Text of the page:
Plugged-In Parenthood

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As someone who writes about motherhood, I spent a decent amount of time on my laptop. My daughter is used to me staring at a screen for a least a half hour in the evenings. I try to wait til she goes to bed, but I also have work to do. My husband has an iPhone. So seeing him zone out on Angry Birds is a familiar sight for our little one. One night, as we both stared at screens and our daughter played in between us, my husband and I started to wonder, just how plugged-in are we? And how is it affecting our parenting?

Computers and iPhones really aren’t even the worst of it. Our family’s biggest electronic culprit tends to be my car.  First, it has this nifty Bluetooth that lets me carry on conversations through the stereo speakers. I thought my daughter would really enjoy the opportunity to talk to her dad or grandparents as we drove home from the babysitter.  She loves these people!  Of course she wanted to talk to them!  Except Brenna didn’t want to listen to me talk to her grandmother, she wanted to talk to me.  She wanted to tell me about her day or what she had planned for our evening.  She wanted to whine about needing a drink and a snack and her Barbies.  She wanted me to interact with her. 

It got to be that she hated when the car chirped “Connection Complete”, letting me know that the Bluetooth was enabled.  To solve our issue, I’ve begun to ask my daughter whether or not she wants to talk to anyone on our drives.  Most of the time she says no, but every once in a while she’ll say, “Call Poppa.”  And then she’ll giggle in delight as the phone starts to ring.  The most important rule for me has been to listen to what she needs from me on our drives together.  Because those times, just before her day begins and on her way home, those are important times.  Those are conversations that I don’t want to miss, no matter how many time she asks me where all the other cars are going.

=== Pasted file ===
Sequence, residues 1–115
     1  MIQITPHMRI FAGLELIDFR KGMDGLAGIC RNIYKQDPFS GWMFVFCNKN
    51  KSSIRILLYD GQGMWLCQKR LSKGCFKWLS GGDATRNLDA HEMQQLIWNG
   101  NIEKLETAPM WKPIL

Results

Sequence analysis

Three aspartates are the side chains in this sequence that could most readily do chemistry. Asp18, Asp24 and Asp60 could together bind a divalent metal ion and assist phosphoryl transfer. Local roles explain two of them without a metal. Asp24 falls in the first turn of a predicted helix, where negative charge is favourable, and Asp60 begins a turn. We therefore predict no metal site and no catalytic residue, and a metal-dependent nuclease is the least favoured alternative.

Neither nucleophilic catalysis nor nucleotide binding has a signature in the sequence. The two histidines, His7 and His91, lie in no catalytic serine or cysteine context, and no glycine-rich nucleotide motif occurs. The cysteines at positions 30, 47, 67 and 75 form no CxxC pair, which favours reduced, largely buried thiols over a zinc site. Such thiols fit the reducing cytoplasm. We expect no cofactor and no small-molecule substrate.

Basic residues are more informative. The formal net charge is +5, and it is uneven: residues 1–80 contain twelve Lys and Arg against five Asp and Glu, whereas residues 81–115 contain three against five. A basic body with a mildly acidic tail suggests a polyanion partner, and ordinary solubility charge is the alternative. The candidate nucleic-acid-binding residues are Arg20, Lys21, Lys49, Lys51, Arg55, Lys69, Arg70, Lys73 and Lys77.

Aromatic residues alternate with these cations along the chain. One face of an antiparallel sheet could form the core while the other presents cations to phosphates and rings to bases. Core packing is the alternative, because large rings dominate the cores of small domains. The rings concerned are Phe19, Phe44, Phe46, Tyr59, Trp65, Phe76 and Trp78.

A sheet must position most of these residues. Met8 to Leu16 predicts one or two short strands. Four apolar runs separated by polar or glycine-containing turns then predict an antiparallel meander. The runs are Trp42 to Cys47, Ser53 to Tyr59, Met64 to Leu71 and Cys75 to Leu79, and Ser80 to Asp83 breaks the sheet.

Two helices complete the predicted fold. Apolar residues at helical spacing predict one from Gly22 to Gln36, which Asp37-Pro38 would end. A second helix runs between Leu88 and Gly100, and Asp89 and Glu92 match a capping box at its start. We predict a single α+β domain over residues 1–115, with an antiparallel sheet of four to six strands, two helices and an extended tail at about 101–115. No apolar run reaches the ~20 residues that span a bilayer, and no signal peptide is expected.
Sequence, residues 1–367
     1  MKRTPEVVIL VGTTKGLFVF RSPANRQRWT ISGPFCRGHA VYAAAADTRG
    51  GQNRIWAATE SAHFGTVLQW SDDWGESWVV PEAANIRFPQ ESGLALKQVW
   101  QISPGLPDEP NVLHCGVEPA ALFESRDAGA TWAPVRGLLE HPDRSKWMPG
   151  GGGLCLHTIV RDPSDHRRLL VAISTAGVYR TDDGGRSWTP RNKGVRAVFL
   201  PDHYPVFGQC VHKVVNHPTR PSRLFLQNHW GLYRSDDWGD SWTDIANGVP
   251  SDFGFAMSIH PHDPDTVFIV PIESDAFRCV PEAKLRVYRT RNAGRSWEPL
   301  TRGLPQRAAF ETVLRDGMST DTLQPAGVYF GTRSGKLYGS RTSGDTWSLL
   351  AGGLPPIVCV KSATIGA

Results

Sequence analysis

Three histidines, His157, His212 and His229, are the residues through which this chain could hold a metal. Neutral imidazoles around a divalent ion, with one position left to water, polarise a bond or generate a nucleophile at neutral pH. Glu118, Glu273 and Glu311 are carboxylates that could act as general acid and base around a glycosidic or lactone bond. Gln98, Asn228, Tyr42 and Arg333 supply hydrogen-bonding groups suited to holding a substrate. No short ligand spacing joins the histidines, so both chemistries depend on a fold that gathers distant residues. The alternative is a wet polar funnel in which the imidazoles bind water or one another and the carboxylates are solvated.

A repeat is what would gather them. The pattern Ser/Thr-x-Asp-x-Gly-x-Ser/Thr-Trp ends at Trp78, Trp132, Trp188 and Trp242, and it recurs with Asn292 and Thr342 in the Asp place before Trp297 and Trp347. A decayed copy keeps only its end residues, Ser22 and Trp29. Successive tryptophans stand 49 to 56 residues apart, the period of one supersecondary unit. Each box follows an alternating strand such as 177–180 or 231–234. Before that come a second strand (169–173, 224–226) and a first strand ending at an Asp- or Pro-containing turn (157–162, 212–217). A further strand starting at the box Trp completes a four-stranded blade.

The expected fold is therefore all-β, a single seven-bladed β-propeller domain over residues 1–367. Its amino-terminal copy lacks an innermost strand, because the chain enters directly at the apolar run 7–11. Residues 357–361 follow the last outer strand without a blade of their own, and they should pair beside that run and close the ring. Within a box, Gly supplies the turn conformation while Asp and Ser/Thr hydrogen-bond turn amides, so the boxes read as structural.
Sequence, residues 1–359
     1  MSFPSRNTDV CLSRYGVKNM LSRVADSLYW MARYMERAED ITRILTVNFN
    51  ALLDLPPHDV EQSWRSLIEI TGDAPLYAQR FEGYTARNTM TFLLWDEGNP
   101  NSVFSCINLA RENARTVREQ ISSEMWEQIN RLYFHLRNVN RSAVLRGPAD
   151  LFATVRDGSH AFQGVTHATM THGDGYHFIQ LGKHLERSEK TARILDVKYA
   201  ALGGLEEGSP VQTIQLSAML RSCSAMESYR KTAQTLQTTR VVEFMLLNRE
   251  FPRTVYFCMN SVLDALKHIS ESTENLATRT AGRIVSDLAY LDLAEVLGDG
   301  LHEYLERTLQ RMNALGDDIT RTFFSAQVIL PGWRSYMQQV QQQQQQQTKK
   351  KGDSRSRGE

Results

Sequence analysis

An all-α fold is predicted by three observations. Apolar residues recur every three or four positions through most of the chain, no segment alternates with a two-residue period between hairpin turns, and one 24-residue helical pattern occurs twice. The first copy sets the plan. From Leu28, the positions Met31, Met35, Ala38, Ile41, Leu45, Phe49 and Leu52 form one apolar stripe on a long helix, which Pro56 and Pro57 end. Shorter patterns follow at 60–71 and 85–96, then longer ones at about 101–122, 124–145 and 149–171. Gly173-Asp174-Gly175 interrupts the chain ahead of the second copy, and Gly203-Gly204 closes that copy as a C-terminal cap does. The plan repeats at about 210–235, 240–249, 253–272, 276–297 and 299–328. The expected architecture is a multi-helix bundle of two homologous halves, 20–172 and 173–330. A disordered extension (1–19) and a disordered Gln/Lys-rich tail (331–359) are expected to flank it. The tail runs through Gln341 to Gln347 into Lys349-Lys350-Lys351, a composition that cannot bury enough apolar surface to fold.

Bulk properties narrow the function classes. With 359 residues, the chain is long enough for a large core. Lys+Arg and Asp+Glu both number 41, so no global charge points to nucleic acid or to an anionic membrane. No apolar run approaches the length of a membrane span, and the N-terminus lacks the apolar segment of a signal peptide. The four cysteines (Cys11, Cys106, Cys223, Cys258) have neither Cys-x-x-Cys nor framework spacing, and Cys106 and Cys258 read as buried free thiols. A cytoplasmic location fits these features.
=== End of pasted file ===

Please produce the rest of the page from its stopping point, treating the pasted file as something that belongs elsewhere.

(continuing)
I’m not the only one who has an electronic vice in our car.  Our beautiful Sorento also came equipped with an entertainment system for my daughter.  At first, it was easy to kid ourselves that we would only turn the thing on for long car rides.  “Oh, when we go to visit relatives it’ll come in handy.”  Flash forward a couple weeks and my toddler has gotten pretty used to watching Toy Story 3 from the comfort of her car seat.  Soon, I missed our quality car time.  When the movie was on, I didn’t get to hear about her dreams from the night before, or what happened at daycare.  My talkative little girl would sit in the backseat, happy to be watching a cartoon on the go. 

So are parents too plugged-in to take care of their kids?  Are children paying enough attention to notice?  Really, none of us know how all this technology will effect our relationships.  But it’s something that mothers will have to figure out fast.  We have a balancing act to play.  Embracing technology has helped the youngest generation to grow and spread into new job markets and new possibilities.  But, like everyone who has ever perused their own Facebook friend list knows, internet relationships are the not the same as personal connections.  The fact is, our children know when they aren’t our main focus.  And lately, there’s a lot of distractions.

As we all work towards finding that special balance between our beloved iPhones and our even more precious little ones, I think the most important feature mothers will need is their ears.  The fact is, your kids will tell you when they need you to put down the laptop.  Or they’ll just start hitting all the buttons… my daughter has never been subtle.  She’s also slammed the top down on my fingers.  But I can’t blame her for that, too much. Sometimes, she needs my full and undivided attention. For a generation used to constant interruptions, unplugging might be the best thing we do for our families.  In our house, it might be time to call a moratorium on all electronic devices between 5 and 7.  That’s dinner and family play time. 

So, I’m obviously not the only mom struggling with.  What do you do to curb the electronic impulse?  How do you make sure that your children don’t resent your iPhone?

(Photo: Thinkstock)